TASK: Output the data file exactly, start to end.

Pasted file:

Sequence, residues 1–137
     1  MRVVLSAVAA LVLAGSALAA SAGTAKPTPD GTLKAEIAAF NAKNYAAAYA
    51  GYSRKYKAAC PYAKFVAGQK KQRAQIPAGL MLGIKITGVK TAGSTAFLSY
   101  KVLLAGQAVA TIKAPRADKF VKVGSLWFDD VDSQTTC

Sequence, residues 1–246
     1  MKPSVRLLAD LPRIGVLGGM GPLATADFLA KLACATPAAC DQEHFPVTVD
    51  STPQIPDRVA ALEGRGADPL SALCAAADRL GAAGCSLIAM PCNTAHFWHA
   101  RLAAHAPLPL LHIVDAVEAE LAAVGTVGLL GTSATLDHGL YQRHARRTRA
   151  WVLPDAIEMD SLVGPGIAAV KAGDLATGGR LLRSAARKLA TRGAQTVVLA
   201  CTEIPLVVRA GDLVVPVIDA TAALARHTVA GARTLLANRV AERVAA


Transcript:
Sequence, residues 1–137
     1  MRVVLSAVAA LVLAGSALAA SAGTAKPTPD GTLKAEIAAF NAKNYAAAYA
    51  GYSRKYKAAC PYAKFVAGQK KQRAQIPAGL MLGIKITGVK TAGSTAFLSY
   101  KVLLAGQAVA TIKAPRADKF VKVGSLWFDD VDSQTTC

Sequence, residues 1–246
     1  MKPSVRLLAD LPRIGVLGGM GPLATADFLA KLACATPAAC DQEHFPVTVD
    51  STPQIPDRVA ALEGRGADPL SALCAAADRL GAAGCSLIAM PCNTAHFWHA
   101  RLAAHAPLPL LHIVDAVEAE LAAVGTVGLL GTSATLDHGL YQRHARRTRA
   151  WVLPDAIEMD SLVGPGIAAV KAGDLATGGR LLRSAARKLA TRGAQTVVLA
   201  CTEIPLVVRA GDLVVPVIDA TAALARHTVA GARTLLANRV AERVAA